Unrecognized artificial hands and fingers by Hiraoka


A road leading to a genius craftsman


The career of Hironori Hiraoka is interesting. He looks back his young days, “When I was a child, I was good at drawing, arts and science, and then having been graduated from university, I got a job at one of the major foreign-affiliated company for medical device.” Hironori was assigned to the work to maintain MRI, CT scans, X-ray machines and other medical machines. He often visited hospitals and medical institutions, especially for science-related work that requires medical knowledge.


Hiraoka wants to do the job no one else can do but him.


In the third year since joining the company, one day Hironori had a call from his client hospital whose medical equipment was broken down. He went for repair it and confirmed that the parts of the equipment needed to be replaced. The new parts arrived soon so he replaced it, pushed the button of the equipment, and that’s all. The medical device was reactivated and functioning properly. Without any doubt, he was an excellent engineer, however he himself wasn’t satisfied with his excellence. “Someone can do this kind of work. It’s not necessary to be me.”


Hironori couldn’t feel a sense of accomplishment for what he was doing. Maintenance of medical equipment didn’t make the most out of his ability. He began to think about changing his job, but surely, he wanted to stay in medical industry. You can’t become a prosthetist without acquiring a national qualification in Japan, so Hironori has challenged to obtain a national qualification.


Coating is also applied from the front side.


He was certain that there must be a channel for his talent in making artificial teeth, artificial legs or braces, through one-on-one interaction with those who need the device. The Prosthetics and Orthotics factories can be found in various parts of the nation and each works has its own special field, such as artificial legs or artificial hands. There are some places that are good at manufacturing moving prosthetics such as myoelectric upper limb prosthesis. Methods are different in terms of ergonomics between making the artificial leg that are cut above knee and the ones cut under knee, even in the same area of prothesis. In general, most works accept the order all around in prosthetic hands, legs, and orthotics, but in reality some places are good at manufacturing artificial hands, and the others specialize in artificial legs or orthotics. Experts are scattered all over the nation.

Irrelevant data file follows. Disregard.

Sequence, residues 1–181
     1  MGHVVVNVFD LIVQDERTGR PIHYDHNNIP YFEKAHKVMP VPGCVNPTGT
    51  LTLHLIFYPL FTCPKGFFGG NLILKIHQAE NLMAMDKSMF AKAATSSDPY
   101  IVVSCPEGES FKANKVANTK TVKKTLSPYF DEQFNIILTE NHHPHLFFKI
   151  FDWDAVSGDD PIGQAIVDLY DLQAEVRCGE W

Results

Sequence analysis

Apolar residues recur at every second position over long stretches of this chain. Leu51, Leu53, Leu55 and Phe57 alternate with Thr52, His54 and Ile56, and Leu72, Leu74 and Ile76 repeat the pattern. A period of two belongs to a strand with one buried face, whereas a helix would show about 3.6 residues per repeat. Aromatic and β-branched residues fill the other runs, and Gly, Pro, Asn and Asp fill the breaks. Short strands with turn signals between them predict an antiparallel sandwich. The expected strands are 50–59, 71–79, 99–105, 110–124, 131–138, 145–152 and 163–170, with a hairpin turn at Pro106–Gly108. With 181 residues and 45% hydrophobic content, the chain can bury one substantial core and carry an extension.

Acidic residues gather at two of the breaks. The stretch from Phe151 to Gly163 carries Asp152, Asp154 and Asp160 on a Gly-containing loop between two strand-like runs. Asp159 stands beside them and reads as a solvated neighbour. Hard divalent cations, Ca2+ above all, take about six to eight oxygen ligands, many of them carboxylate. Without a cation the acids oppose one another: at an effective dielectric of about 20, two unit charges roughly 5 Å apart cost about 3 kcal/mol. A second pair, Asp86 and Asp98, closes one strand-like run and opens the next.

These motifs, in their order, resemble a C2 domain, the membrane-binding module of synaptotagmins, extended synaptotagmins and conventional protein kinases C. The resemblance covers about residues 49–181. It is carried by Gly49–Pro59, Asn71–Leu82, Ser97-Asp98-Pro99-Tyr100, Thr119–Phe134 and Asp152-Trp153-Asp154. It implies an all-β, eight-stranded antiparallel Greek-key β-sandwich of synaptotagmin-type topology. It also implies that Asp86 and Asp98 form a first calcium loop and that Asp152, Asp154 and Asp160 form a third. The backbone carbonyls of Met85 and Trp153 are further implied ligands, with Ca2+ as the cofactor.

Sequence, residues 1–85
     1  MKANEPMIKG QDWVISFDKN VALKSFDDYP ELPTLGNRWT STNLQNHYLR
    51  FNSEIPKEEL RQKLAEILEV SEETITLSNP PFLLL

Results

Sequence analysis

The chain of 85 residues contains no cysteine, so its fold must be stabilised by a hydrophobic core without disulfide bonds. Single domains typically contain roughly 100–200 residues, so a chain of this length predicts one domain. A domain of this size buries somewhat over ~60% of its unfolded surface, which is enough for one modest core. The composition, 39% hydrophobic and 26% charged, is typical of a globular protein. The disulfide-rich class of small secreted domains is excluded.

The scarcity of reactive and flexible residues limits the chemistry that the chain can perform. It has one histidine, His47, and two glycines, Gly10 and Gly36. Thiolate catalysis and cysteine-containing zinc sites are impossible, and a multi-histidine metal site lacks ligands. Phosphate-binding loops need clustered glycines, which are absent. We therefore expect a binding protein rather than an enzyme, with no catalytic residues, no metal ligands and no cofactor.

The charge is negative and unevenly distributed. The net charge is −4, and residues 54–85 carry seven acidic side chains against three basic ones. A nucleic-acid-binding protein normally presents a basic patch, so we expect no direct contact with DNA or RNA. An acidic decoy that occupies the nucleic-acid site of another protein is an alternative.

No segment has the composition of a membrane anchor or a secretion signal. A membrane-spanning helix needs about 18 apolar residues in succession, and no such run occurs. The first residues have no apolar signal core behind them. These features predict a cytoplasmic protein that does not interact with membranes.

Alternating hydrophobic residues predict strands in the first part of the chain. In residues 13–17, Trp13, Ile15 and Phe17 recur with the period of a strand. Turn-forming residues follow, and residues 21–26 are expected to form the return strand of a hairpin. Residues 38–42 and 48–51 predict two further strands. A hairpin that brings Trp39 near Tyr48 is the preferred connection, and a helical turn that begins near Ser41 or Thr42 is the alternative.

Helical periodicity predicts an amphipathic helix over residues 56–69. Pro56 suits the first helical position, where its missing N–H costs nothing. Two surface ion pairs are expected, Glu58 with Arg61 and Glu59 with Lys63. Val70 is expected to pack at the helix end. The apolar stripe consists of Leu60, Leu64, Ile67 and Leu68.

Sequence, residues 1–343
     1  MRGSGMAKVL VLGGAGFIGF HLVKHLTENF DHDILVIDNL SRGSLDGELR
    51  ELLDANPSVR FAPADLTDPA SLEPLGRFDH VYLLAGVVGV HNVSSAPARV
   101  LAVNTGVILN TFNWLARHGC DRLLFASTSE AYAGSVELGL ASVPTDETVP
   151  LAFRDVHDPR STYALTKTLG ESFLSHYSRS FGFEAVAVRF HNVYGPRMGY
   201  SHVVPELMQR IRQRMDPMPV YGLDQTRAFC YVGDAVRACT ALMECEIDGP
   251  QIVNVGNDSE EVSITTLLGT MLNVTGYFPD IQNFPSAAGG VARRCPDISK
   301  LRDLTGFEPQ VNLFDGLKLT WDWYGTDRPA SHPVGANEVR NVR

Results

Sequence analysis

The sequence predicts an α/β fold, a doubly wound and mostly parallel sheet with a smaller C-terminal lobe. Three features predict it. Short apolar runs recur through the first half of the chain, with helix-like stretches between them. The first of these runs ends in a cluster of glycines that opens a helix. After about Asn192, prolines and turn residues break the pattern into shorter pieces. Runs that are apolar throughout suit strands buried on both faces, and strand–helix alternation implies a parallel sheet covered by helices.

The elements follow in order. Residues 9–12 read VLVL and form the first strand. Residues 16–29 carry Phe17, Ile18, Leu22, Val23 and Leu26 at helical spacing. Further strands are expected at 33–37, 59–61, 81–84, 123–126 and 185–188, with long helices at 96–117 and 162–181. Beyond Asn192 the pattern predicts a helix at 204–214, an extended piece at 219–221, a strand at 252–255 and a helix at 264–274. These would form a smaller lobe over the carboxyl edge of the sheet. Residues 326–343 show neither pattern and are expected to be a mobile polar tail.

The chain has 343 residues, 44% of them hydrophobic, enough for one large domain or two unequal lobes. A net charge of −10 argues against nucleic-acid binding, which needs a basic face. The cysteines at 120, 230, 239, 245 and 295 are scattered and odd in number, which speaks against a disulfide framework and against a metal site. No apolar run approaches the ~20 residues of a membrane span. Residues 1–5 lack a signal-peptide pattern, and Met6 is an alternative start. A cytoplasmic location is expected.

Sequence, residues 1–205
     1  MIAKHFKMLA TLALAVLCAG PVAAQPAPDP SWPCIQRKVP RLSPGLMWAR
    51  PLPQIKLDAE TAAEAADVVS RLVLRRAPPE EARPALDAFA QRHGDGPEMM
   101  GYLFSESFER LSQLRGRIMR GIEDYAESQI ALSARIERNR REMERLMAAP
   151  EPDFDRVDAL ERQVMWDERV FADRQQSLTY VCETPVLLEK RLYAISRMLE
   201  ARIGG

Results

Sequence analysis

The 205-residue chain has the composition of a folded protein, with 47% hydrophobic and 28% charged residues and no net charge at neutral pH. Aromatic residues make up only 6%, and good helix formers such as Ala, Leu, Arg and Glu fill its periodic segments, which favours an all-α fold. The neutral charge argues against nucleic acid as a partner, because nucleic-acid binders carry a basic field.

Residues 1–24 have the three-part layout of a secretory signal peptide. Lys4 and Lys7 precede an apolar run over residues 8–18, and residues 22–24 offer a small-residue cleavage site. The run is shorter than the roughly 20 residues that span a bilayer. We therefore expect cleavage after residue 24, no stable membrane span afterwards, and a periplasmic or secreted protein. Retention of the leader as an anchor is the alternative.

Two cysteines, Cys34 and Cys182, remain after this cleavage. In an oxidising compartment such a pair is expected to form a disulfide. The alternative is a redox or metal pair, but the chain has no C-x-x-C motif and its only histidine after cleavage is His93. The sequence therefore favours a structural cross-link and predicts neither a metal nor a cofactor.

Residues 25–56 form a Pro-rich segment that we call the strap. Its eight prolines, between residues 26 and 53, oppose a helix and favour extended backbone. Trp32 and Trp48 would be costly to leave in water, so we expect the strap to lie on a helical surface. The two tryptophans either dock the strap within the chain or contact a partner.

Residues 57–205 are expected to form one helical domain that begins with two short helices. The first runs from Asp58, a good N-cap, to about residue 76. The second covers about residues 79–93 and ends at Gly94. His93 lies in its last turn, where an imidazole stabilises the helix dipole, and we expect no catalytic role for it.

Artificial fingers and hands: the cut end of plaster models


Usually it takes 8 to 10 years to be fully trained as a prosthetist under one master. In Hironori’s case, he has stopped learning under the same master after a few years training and moved to a new master. He wanted to pursue a different skill under a different master as many as possible therefore repeatedly went through the prosthetic and orthotic sites one after another.


Various expressions of the artificial ears


Hironori Hiraoka launched Atelier Natural in 2014 at the young age of 33. He further explains about his career and his philosophy as a craftsman. “I think it will take 10 years at least to master 100% of the prosthetic skills under one master.” He doesn’t deny the long period of training under one master. “But you can catch up to 80% of the skills necessary for prosthetist within a first couple of years.” he continues, this means that you must spend another seven or eight years to acquire the remaining 20% of the skills.


Still the skill you obtained after such a long training is no more than the perfect copy of your master. He believes that walking along such a path can be a choice for some prosthetic trainees. “But in my case, I couldn’t be satisfied with the techniques just obtained through current masters. I wanted to pile up more techniques of making artificial hands or fingers from various masters, on which I wanted to create my own works.”


To have an ambition like Hironori did is necessary to produce a top craftsman, who goes beyond the limits of expectation. In this way I can call him as a genius. Although some people tend to evaluate the born talent as a genius, I don’t think so. Hironori Hiraoka proved the reason through what he has been experienced in his career.


Expression of fingertips of artificial fingers


Hiraoka adds, “In order to stock the 80 percent of skills you can learn from your master in the first a few years, you need to make efforts more than 100 percent. Well, maybe not, 150 percent, or even 200 percent of concentration and reviews on prosthetic techniques, you must impose to yourself—-Again and again train yourself every day, or otherwise you can’t even catch up with your master. ” There is a craftsmanship that blooms after pursuing his/her career path for a long period and finally piercing through it, while some craftsman like Hiraoka makes his success by creating his unique skills after broadening his expertise being instructed by many masters. Both of them should be styles of craftsmen that worth the title of genius to be obtained one day.


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